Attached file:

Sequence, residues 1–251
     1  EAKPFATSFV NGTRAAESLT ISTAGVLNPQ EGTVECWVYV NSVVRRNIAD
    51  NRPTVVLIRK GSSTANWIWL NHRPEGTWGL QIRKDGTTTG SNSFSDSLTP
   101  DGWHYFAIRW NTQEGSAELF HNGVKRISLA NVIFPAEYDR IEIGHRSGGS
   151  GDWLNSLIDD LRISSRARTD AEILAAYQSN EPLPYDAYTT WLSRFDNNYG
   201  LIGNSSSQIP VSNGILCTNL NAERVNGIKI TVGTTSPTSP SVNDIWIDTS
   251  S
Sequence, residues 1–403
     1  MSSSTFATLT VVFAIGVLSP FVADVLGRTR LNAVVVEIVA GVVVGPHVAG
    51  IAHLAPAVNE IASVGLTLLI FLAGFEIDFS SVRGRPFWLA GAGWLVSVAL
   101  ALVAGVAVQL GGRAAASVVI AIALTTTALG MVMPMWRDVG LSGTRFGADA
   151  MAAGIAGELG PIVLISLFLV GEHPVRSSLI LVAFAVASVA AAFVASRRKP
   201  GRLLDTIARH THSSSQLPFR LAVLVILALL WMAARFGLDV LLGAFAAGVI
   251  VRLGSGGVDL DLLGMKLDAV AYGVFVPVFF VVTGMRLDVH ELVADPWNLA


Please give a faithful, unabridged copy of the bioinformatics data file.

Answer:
Sequence, residues 1–251
     1  EAKPFATSFV NGTRAAESLT ISTAGVLNPQ EGTVECWVYV NSVVRRNIAD
    51  NRPTVVLIRK GSSTANWIWL NHRPEGTWGL QIRKDGTTTG SNSFSDSLTP
   101  DGWHYFAIRW NTQEGSAELF HNGVKRISLA NVIFPAEYDR IEIGHRSGGS
   151  GDWLNSLIDD LRISSRARTD AEILAAYQSN EPLPYDAYTT WLSRFDNNYG
   201  LIGNSSSQIP VSNGILCTNL NAERVNGIKI TVGTTSPTSP SVNDIWIDTS
   251  S
Sequence, residues 1–403
     1  MSSSTFATLT VVFAIGVLSP FVADVLGRTR LNAVVVEIVA GVVVGPHVAG
    51  IAHLAPAVNE IASVGLTLLI FLAGFEIDFS SVRGRPFWLA GAGWLVSVAL
   101  ALVAGVAVQL GGRAAASVVI AIALTTTALG MVMPMWRDVG LSGTRFGADA
   151  MAAGIAGELG PIVLISLFLV GEHPVRSSLI LVAFAVASVA AAFVASRRKP
   201  GRLLDTIARH THSSSQLPFR LAVLVILALL WMAARFGLDV LLGAFAAGVI
   251  VRLGSGGVDL DLLGMKLDAV AYGVFVPVFF VVTGMRLDVH ELVADPWNLA